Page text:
2. Classic Containers Yellow faced pansies combined with solid yellows come together in an impressive arrangement that bring a classic look to any container.
  3. Stack for Texture Gather two galvanized buckets. Plant the smaller one with pansies and parsley. Tuck more pansies and Creeping Jenny or Ivy around the edges of the larger one, and stack.
  4. Window Charm Winter days have you feeling gloomy? Bring happiness inside with just a few snips. Plant fragrant pansies, snip some flowers and place in a jar on your windowsill.
  5. Thrillers, Fillers, Spillers A cone-shaped, evergreen arborvitae works perfectly as an attention-grabbing thriller. To brighten up the look of your container, fill up the pot with multi-colored pansies and have variegated English ivy spill over the sides for a dramatic visual.
  6. Classic Green & White Pair variegated American boxwood (‘Elegantissima’) with white pansies for a classic look. Variegated English ivy also serves as green and white accents.
  7. Herb Pairings Pair yellow and purple violas with a cool-season herb such as curly-leaved parsley for an easy-to-care-for display. Snip pansy flowers and herbs to brighten up your kitchen.
  8. Strawberry Jar Makeover Cool Wave pansies dress up a strawberry jar. Pair with yellow, white, and purple pansies and set jars on your porch or patio for waves of color.
  9. Balls of Blooms Create orbs of color with violas that love to bloom. Use sphagnum baskets and Cool Wave Pansies along the sides, then top the container with more pansies. Hang in a sunny location for more optimum splendor.
  10. Tuck In Color To dress up your entryway, tuck in a few pots along the steps and walkways with a simple color scheme to add whimsy and pop.
  11. Window Box Color When filling a show-stopping window box, don’t hesitate to use small evergreen shrubs or perennials, which last throughout the seasons. Euphorbia, Cyclamen also look striking in window boxes.
  12. Fairy Garden Fun Give your outdoor fairies something fun! Fairies love to play hide and seek in flower beds. Pansies are perfect for when warm season flowers are not available.
  13. Glowing Beds Bright yellow and stark white pansies add rich color that will make your pots and flowerbeds glow.
  14. Front Door Spectacular Spreading Cool Wave pansies provide color through fall, winter, and spring. You can add to the show in early spring by slipping in pots of forced tulips and some chartreuse foliage, like tiger ferns and heucheras.
  15. Perfectly Placed Pots A perfectly-placed container makes a big impact in your garden and yard. Try placing 3 sizes of containers for even more drama. Mix pansies with small evergreens, Creeping Jenny or Ivy, and Euphorbia.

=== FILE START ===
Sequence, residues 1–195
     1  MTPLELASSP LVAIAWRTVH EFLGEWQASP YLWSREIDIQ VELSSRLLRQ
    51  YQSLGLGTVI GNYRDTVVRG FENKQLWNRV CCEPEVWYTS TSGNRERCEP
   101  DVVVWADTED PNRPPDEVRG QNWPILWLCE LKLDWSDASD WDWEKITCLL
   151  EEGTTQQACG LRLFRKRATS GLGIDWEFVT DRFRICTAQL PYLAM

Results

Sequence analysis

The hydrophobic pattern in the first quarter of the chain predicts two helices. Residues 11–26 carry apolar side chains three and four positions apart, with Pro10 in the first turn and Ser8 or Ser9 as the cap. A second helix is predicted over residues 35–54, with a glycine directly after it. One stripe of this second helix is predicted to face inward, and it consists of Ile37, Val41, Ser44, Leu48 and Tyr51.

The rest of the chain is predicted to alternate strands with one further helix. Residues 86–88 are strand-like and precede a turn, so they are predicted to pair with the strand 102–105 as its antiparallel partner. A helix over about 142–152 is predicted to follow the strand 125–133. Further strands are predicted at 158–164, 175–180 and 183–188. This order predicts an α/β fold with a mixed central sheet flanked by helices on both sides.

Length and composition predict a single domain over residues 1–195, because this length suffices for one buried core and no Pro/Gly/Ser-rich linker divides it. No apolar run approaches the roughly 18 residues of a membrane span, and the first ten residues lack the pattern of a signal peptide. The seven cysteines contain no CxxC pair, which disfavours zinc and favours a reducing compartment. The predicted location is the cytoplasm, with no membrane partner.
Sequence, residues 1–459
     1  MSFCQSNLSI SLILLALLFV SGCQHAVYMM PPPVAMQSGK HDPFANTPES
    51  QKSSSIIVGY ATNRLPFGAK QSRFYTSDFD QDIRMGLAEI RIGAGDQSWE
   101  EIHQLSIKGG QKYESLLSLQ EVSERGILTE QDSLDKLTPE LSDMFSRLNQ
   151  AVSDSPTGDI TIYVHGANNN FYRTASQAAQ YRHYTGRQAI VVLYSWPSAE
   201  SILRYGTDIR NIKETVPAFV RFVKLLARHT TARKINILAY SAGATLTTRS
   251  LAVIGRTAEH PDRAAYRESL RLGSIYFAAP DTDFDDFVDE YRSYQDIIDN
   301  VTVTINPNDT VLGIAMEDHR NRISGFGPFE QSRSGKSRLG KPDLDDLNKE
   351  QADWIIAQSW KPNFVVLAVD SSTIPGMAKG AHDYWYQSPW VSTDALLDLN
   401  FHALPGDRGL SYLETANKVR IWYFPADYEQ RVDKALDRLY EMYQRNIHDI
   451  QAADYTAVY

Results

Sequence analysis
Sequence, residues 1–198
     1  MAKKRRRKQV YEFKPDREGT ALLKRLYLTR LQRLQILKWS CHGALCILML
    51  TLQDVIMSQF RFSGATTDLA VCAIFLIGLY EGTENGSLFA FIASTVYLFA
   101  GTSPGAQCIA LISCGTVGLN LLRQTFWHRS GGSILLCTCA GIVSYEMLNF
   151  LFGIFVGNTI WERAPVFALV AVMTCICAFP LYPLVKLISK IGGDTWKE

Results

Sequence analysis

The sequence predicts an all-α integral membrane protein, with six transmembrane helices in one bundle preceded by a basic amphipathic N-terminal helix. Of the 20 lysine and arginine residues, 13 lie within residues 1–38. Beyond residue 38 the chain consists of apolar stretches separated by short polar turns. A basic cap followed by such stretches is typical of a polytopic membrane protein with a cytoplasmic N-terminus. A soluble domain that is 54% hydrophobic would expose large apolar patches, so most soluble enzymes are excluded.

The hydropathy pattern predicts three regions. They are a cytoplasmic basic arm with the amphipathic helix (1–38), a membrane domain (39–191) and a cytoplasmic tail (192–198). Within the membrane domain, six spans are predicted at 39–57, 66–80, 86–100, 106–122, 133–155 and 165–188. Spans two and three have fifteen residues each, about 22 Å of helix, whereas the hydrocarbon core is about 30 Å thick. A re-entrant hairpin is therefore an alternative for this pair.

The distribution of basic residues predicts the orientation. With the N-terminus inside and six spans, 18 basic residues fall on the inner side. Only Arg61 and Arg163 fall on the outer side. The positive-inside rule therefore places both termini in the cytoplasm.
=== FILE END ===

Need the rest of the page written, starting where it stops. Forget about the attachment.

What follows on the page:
One great tip for planting pansies, annuals, trees, shrubs, and perennials is to always use Espoma Bio Tone Starter Plus in your soil mix. We at The Family Tree are huge believers in this product for getting ALL your plants started on the right root!

January Garden Therapy

Your Yard Is Calling!

January has arrived and it brings with it a new year and the anticipation of spring gardens in a few short cardinalmonths! Here are some tips and suggestions for you to get your gardening off to a great start.

Feed the birds

January is bird month! Although there isn’t much snow in Georgia to prevent their finding food, birds will still appreciate it if you decide to put out birdseed to help them through the leaner winter months. The bonus is that they’ll get into the habit of hanging around your yard and stick around all year feasting on pesky insects and grub.

Protect Your Plants

With the unusual weather that Georgia can have, some plants may get confused and think that spring is right around the corner and begin to sprout. Because the warm weather is sure to be followed by more normal winter temperatures, you’ll need to protect those tender sprouts from frost with a thick layer of compost or mulch. If the temps drop below 25 degrees, consider frost cloth for your tender flowering shrubs.  (Never cover your plants with plastic.  It reduces air circulation and could cause damage.) Also, this sounds weird, but go ahead and water your plants thoroughly before a frost.  The water will, at worst, freeze around the roots keeping them at a constant temperature.

Prepping Soil

If the ground is workable, (in other words, isn’t frozen solid or too damp), now is a great time to turn over the soil in your garden plot. Exposure to the elements help to break down hard clumps of dirt, saving you valuable time when spring rolls around. In addition, turning over the soil reveals a multitude of insect eggs and other goodies for hungry birds!


Yes, you can plant trees and shrubs this time of year.  As long as they are container plants (not B&B) and the ground is not frozen.  Planting now has great benefits!  The roots have time to get established before the spring and summer, and we get lots of rain this time of year so you will water less.  Remember to mulch them well and cover them if it does get super cold.

For monthly gardening chores click here

We welcome you to come visit our team at The Family Tree! If you need information, direction or help please contact our office by calling 770-972-2470. Make sure to follow-us on Facebook , TwitterGoogle+!